There’s nothing like new toys. They can freshen your work environment, improve productivity and even make the job a bit more fun.
Take the Logitech Couch Mouse M515 – but you can’t take mine, I’ve become quite attached to it. It’s a $49.95 (U.S.) cordless mouse that’s completely sealed so you can use it on, yes, the couch, the carpet, the bed or, for that matter, the cat, without its internals getting clogged up (the mouse, that is, not the cat). It features Logitech’s clever Unifying Receiver, a tiny USB 2.4-GHz wireless transceiver that can talk to up to six compatible devices. It’s small enough to leave in the USB port all the time without worrying that it will become damaged. And to make sure the cursor doesn’t fly all over the screen when the cat starts to squirm and you drop it, the mouse only activates if it senses it’s being held.
It offers all of the usual amenities: a scroll wheel that lets you move between Web pages by tilting it, smooth mousing and an advertised two-year battery life. And it feels good in the hand.
Logitech also offers an $89.99 solar-powered wireless keyboard, the K750, which charges in sunlight or room light. Logitech says it will stay charged for at least three months in total darkness. Like the Couch Mouse, it uses the Unifying Receiver, which means you need only one USB port – even if you are using several compatible devices. It’s compact enough, at one-third inch thick, and though it’s portable, I still found it surprisingly comfortable to type on. Includes software that allows you to monitor the charging state.
The Couch Mouse works best on fabric, but if you need an ultra-portable rodent that works nicely on hard surfaces, have a look at the Microsoft Arc Touch Mouse ($79). It’s a fashion statement, arcing gracefully in the hand. It feels a bit odd at first, and instead of a wheel, it has a touch surface between the buttons that you stroke or tap, so its operation has a bit of a learning curve.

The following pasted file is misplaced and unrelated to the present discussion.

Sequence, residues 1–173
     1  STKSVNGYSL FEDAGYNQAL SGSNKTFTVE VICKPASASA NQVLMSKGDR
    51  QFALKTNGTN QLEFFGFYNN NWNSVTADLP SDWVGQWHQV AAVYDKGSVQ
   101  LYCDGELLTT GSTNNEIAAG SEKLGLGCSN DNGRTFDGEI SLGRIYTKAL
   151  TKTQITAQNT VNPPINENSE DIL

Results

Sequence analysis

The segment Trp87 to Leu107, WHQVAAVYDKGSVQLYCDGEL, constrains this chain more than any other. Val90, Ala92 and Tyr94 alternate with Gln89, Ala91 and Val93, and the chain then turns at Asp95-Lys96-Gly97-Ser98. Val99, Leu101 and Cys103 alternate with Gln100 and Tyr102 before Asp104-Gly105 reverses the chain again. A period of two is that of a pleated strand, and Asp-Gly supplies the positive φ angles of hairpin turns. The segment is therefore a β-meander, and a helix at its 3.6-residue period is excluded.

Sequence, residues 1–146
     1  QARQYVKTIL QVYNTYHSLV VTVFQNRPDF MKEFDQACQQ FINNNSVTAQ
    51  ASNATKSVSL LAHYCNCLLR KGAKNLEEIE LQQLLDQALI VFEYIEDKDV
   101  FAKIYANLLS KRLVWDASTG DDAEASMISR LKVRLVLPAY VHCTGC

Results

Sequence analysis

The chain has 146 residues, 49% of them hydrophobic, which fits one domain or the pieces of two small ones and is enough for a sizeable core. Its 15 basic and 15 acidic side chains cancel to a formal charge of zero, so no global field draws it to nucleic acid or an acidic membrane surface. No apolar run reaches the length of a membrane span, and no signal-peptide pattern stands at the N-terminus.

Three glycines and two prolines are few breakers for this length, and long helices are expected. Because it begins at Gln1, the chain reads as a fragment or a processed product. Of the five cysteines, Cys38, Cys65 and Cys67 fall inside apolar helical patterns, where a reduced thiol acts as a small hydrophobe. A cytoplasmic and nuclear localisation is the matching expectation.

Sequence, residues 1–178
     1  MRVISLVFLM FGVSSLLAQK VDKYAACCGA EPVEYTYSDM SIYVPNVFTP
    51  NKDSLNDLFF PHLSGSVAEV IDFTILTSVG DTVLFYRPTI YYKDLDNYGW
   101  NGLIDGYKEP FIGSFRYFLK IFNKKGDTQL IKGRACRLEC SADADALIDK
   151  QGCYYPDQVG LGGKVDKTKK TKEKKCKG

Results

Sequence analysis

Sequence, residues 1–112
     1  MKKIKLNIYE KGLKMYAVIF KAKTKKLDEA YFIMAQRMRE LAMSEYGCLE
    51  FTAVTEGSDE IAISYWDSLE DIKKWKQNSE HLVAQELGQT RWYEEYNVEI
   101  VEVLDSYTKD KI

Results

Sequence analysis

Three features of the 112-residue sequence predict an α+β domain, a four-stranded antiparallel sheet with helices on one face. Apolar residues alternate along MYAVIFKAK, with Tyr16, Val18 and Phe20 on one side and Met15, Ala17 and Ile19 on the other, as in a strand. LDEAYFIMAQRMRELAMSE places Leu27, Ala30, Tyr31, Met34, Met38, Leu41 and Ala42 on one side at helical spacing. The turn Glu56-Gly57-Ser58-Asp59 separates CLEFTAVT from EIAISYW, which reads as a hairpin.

Like the Couch Mouse, the Arc Mouse connects via a tiny USB transceiver. But while Logitech provides a storage dock for the USB device in the battery compartment, Microsoft chose to simply attach it to the bottom of the mouse magnetically. And instead of an on-off switch, you power the Arc off by splatting it flat, and turn it on by bending it into a curve again. That means it tucks easily into a laptop bag.
Video-conferencing has become increasingly popular, and if your computer doesn’t come equipped with a webcam, the $119 Microsoft LifeCam Studio, with a full 1080p HD sensor that can deliver widescreen video at up to 30 frames per second, is an interesting option. It has an integrated microphone on top and can be mounted on a tripod or clamped to a monitor. And being a Microsoft product, it plays very nicely with Windows Live Messenger video chats. Be aware, however, that the included software can only cope with 720p.